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I have the following C code example:

int f(const int farg[const 5])
{
}

What does the additional const for the array size do? And what is the difference when I omit the const there?

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3  
Possibly related –  Kerrek SB Jul 8 at 8:42
    
the second const gave me 4 compiler errors –  mch Jul 8 at 8:46
2  
@mch make sure your compiler supports C99 or C11. (-std=c11 for example). clang 3.4 with -std=c11 eats this up without issue. –  WhozCraig Jul 8 at 8:48

2 Answers 2

up vote 13 down vote accepted
int d(const int darg[5])

Means darg is a pointer to const int.

int e(int earg[const 5])

Means earg is a const pointer to int. This is a c99 feature. T A[qualifier-list e] is equivalent as T * qualifier-list A in the parameter declaration.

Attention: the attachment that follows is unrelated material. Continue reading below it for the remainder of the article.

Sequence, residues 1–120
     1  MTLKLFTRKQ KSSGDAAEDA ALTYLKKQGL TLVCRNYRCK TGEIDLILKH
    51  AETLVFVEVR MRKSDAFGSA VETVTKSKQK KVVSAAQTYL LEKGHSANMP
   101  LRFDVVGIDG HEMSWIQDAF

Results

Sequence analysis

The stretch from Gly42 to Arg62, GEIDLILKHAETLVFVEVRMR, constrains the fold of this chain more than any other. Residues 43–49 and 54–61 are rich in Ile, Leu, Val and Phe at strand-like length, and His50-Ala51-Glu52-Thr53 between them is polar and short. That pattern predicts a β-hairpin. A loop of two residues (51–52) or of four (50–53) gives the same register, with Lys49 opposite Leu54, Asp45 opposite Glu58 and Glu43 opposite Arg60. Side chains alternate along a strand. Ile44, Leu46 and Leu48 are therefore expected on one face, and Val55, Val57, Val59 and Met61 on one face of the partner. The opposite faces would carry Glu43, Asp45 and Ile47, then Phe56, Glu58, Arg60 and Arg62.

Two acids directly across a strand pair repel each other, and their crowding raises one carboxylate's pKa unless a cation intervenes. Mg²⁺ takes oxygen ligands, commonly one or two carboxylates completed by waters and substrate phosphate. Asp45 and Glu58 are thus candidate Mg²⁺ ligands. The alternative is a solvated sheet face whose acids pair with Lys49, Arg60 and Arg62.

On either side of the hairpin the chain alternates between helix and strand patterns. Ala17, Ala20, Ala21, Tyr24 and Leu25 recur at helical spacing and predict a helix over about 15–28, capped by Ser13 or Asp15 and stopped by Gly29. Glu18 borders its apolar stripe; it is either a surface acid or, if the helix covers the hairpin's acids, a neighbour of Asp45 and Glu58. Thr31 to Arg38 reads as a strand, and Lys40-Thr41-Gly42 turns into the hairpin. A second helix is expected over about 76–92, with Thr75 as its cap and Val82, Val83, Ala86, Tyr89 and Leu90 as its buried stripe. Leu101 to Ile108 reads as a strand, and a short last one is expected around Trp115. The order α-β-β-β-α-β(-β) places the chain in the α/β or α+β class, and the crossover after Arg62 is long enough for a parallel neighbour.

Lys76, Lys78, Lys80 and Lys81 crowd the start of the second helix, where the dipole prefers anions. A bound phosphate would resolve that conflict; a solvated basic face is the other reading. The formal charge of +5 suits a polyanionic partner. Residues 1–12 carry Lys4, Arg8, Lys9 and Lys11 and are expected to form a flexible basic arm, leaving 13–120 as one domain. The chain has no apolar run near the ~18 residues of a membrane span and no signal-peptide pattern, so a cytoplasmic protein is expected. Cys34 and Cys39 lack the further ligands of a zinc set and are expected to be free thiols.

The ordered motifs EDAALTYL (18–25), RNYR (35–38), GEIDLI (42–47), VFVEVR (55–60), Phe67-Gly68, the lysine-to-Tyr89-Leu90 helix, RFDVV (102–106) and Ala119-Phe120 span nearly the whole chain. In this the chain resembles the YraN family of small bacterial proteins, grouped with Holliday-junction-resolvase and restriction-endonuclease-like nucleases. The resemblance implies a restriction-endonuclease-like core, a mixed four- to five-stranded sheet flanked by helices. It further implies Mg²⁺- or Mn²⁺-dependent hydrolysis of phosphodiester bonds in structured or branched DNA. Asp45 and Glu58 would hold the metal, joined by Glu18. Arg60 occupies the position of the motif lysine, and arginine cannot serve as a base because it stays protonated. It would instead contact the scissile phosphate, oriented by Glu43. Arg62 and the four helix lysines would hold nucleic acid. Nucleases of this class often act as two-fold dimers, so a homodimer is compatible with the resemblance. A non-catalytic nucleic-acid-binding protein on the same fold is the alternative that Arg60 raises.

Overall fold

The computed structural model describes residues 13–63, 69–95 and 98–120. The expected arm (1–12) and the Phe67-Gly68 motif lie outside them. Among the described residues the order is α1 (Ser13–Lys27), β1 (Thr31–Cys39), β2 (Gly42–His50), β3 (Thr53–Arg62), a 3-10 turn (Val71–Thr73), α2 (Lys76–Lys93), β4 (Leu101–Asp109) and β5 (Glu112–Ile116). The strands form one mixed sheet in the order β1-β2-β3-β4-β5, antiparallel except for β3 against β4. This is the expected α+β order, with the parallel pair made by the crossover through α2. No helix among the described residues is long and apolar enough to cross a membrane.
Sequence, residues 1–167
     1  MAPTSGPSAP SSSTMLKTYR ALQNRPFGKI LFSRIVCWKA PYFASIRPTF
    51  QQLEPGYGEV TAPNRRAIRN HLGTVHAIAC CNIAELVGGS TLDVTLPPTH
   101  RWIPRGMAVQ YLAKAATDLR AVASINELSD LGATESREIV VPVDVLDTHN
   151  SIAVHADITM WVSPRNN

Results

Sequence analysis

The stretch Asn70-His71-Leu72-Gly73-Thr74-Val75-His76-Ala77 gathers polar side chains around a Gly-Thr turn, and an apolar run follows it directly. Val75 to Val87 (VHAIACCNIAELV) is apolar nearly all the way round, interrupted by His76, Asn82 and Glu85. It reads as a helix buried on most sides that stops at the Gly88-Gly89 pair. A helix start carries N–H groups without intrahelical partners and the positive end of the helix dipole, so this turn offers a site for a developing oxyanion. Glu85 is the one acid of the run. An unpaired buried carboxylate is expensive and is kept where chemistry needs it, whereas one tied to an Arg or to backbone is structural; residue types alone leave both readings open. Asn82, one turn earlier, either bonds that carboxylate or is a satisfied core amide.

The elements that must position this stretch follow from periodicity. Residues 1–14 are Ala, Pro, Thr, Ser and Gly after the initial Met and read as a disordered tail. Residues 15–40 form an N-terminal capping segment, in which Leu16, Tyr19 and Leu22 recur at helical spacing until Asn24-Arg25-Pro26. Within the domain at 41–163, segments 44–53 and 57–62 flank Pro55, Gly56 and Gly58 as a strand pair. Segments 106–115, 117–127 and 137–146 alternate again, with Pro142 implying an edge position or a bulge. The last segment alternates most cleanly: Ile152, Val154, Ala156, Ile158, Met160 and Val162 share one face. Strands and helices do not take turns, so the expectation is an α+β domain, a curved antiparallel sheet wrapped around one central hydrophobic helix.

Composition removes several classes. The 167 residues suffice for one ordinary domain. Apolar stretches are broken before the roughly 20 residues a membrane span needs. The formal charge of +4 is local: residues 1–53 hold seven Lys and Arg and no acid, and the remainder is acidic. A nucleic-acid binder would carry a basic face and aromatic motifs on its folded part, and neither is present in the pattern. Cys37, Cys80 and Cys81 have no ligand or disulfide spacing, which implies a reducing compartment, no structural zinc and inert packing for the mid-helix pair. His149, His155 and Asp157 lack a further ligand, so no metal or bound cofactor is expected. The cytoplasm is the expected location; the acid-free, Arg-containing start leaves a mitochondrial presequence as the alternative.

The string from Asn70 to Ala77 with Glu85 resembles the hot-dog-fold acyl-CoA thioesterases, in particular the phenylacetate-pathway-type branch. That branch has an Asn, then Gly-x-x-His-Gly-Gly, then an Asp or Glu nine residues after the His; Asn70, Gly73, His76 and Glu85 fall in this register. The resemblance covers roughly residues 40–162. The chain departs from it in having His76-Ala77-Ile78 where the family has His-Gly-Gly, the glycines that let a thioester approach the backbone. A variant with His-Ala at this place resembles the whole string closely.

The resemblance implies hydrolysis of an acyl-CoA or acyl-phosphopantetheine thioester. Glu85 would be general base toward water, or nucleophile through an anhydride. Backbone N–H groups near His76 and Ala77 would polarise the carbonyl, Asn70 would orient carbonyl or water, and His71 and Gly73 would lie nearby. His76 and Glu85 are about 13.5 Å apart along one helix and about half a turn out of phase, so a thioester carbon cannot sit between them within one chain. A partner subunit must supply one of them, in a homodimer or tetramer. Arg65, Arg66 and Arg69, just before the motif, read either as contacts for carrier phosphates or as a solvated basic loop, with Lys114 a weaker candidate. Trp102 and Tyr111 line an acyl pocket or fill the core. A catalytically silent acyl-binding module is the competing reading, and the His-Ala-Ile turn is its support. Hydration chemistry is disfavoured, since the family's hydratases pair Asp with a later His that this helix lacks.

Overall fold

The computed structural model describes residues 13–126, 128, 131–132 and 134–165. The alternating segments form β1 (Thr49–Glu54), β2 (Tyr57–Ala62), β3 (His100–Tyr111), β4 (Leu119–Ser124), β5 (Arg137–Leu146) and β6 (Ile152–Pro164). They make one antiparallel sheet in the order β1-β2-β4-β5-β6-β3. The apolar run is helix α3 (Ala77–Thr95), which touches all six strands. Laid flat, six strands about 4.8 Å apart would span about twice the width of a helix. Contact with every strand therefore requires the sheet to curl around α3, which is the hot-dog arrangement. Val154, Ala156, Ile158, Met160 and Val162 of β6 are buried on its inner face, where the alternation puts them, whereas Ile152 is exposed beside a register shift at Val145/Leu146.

And of course (from above):

int f(const int farg[const 5])

Means farg is a const pointer to const int.

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What does the additional const for the array size do?

C11: 6.7.6.3:

A declaration of a parameter as ‘‘array of type’’ shall be adjusted to ‘‘qualified pointer to type’’, where the type qualifiers (if any) are those specified within the [ and ] of the array type derivation.

This means

int f(const int farg[const 5])  

will be adjusted to

int f(const int *const farg)  

And what is the difference when I omit the const there?

After omitting, it is equivalent to

int f(const int frag[5])  //or int f(const int frag[])

which is ultimately equivalent to

int f(const int *farg)
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3  
const int farg[const 5] is adjusted to const int * const farg not to const int const *farg. –  ouah Jul 8 at 9:18
    
@ouah; Oopa!. That was a typo. It should be ‘‘qualified pointer to type’’ –  haccks Jul 8 at 9:22

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